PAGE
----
Arts & Entertainment

The Lost City of Gedi: Kenya’s Machu Picchu

By Pedro Alonso

Gedi, Kenya, Jan 26 (EFE).- Deep in the East African rainforest lies a mystery: the ruins of the Lost City of Gedi, an archaeological wonder known as the Machu Picchu of Kenya.

For decades, the Swahili city has bewildered archaeologists and historians alike due to its absence from historical records.

The ruins, however, prove that it was home to an advanced civilization before it was abandoned in the 17th century.

The site straddles a small portion of the Arabuko Sokoke reserve, the largest coastal forest in East Africa.

“It was one of the oldest cities established on the Indian coast. It began (its construction) in the 12th century. It once occupied 45 acres, of which only 12 acres have been excavated,” Hudson Mukoka, a tour guide, tells Efe.

Gedi, which means “precious” in the language of the Oromo people who inhabited the city, is a haven of peace broken only by the sounds of the forest.

The Mijikenda tribe, which currently lives nearby, has long venerated the ruins, which they consider sacred and guarded by The Elders, spirits on the lookout for intruders.

However, Gedi went unnoticed for centuries until British settlers arrived and explorer John Kirk rediscovered the city in 1884.

Excavations didn’t begin until 1948 under the supervision of James Kirkman, a pioneer of Swahili archaeology.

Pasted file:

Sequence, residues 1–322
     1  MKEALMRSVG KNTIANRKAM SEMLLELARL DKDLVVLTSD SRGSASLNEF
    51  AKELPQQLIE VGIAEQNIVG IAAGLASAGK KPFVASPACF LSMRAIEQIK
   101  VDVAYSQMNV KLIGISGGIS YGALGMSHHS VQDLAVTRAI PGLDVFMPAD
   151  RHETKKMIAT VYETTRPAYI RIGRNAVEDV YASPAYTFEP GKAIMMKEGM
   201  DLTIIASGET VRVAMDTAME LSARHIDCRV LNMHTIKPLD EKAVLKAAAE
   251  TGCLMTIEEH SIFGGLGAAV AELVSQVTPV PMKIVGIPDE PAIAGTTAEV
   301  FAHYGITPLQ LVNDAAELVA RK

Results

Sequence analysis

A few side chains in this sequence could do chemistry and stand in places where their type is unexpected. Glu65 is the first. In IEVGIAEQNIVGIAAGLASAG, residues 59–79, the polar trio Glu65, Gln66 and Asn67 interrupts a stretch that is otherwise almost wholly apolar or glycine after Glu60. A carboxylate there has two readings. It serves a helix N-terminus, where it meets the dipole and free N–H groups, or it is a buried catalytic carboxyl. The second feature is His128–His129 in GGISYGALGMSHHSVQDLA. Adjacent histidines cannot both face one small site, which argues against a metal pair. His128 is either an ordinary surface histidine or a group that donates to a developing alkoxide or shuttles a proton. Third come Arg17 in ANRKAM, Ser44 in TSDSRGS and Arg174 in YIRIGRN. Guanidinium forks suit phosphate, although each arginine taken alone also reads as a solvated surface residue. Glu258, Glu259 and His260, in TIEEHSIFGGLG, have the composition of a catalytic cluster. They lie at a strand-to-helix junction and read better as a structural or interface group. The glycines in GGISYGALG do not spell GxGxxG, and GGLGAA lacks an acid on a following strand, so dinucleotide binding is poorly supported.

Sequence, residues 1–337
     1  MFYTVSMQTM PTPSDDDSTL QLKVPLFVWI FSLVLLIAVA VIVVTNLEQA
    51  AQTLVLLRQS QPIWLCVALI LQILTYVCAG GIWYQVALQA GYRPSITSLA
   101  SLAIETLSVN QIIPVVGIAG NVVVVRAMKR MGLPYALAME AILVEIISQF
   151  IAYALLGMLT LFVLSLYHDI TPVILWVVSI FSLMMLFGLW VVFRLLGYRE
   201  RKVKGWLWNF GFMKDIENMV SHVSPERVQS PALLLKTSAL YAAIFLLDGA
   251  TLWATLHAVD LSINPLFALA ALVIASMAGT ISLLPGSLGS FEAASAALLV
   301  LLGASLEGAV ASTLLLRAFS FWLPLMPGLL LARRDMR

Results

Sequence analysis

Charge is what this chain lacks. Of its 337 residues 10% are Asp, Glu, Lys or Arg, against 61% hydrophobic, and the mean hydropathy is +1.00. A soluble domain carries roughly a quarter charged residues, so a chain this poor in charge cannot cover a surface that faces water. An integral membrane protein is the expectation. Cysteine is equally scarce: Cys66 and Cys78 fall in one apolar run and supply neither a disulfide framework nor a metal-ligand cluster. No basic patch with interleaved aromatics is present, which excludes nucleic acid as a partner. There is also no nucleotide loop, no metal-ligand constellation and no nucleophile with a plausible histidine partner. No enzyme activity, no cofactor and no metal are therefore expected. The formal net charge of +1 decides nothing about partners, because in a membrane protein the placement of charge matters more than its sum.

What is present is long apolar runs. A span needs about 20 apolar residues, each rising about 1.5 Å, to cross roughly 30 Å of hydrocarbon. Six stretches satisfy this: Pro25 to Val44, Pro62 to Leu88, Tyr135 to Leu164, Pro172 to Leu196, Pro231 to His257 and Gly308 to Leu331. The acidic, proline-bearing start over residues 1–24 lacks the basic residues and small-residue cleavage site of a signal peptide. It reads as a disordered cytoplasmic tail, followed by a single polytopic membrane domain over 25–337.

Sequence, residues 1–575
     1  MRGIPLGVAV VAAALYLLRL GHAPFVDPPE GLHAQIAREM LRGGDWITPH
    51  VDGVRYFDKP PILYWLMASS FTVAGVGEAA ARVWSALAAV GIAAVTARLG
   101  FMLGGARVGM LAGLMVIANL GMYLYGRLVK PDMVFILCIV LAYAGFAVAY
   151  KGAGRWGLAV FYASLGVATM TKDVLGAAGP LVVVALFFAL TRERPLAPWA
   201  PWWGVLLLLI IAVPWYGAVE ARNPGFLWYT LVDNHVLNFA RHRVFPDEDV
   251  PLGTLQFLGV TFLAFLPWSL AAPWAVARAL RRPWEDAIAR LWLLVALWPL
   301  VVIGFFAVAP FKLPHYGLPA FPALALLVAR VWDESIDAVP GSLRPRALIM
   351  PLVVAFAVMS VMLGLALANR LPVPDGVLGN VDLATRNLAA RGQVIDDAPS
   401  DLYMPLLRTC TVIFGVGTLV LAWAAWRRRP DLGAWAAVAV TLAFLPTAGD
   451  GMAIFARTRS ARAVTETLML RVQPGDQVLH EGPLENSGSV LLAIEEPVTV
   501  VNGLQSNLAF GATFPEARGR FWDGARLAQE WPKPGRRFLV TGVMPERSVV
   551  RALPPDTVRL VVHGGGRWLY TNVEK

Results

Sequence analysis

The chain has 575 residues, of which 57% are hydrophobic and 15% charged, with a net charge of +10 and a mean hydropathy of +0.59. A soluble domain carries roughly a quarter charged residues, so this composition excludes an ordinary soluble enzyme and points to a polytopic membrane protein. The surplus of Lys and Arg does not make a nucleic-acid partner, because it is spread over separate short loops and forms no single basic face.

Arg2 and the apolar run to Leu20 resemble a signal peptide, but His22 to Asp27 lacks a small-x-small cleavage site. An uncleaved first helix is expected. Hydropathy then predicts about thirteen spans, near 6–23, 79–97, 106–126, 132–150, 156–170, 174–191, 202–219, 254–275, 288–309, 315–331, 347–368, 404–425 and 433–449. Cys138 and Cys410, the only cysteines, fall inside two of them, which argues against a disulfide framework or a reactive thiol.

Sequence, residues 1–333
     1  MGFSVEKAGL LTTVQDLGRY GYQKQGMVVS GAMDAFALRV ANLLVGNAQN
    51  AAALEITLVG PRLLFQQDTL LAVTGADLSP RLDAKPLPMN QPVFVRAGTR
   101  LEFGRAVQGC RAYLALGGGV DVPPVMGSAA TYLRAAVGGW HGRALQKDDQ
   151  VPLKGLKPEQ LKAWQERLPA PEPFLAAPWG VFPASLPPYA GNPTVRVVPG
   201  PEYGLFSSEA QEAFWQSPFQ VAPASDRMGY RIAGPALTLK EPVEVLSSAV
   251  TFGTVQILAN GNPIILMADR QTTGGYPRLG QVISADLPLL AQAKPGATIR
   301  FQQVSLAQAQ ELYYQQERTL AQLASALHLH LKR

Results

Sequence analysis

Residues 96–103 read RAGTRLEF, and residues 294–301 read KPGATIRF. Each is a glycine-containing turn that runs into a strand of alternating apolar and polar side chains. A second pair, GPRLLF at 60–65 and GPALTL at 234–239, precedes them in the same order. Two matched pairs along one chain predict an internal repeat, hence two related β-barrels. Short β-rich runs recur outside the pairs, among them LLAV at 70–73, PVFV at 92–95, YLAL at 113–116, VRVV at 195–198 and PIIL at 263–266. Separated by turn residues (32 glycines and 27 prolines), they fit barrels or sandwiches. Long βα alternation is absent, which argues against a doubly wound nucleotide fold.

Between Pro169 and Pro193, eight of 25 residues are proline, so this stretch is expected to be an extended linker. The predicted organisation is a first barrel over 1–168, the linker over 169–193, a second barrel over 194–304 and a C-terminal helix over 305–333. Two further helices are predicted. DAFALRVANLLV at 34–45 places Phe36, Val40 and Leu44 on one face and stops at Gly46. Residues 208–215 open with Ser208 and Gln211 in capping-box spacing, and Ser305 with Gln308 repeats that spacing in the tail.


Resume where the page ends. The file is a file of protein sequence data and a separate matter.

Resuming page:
Kirkman faced an almost other-worldly environment: “When I first started to work at Gedi I had the feeling that something or somebody was looking out from behind the walls, neither hostile nor friendly but waiting for what he knew was going to happen”.

The excavations brought to light a sophisticated city built in coral stone with streets laid out at right angles inside two concentric walls: the internal one protected the elite and the external one the entire precinct.

“This is the great palace, which was divided into two zones: a private residence and a public activities area. The king was called sultan,” Mukoka continues.

The city features the remains of eight mosques, including the so-called Great Mosque, where the minbar (pulpit) and the qibla facing Mecca are preserved.

The site also harbors ruins of houses with bathrooms and toilets, ornate funerary pillars and even a sewage system, evidence that Africa was home to advanced communities before the European colonial invasion.

“Visitors say that (the site) looks like Machu Picchu,” the guide adds.

Like Machu Picchu, Gedi contains many enigmas, but the main one puzzling experts is why was it abandoned?

Some historians have suggested a lack of water, a conflict or a devastating disease could have prompted the exodus.

To solve the mystery, Kenyan-American paleontologist Chapurukha Kusimba, from the University of South Florida, excavates the area with the help of National Geographic.

“One of the things we want to find out is if the population of Gede was a victim of the black plague,” Kusimba tells Efe over the phone.

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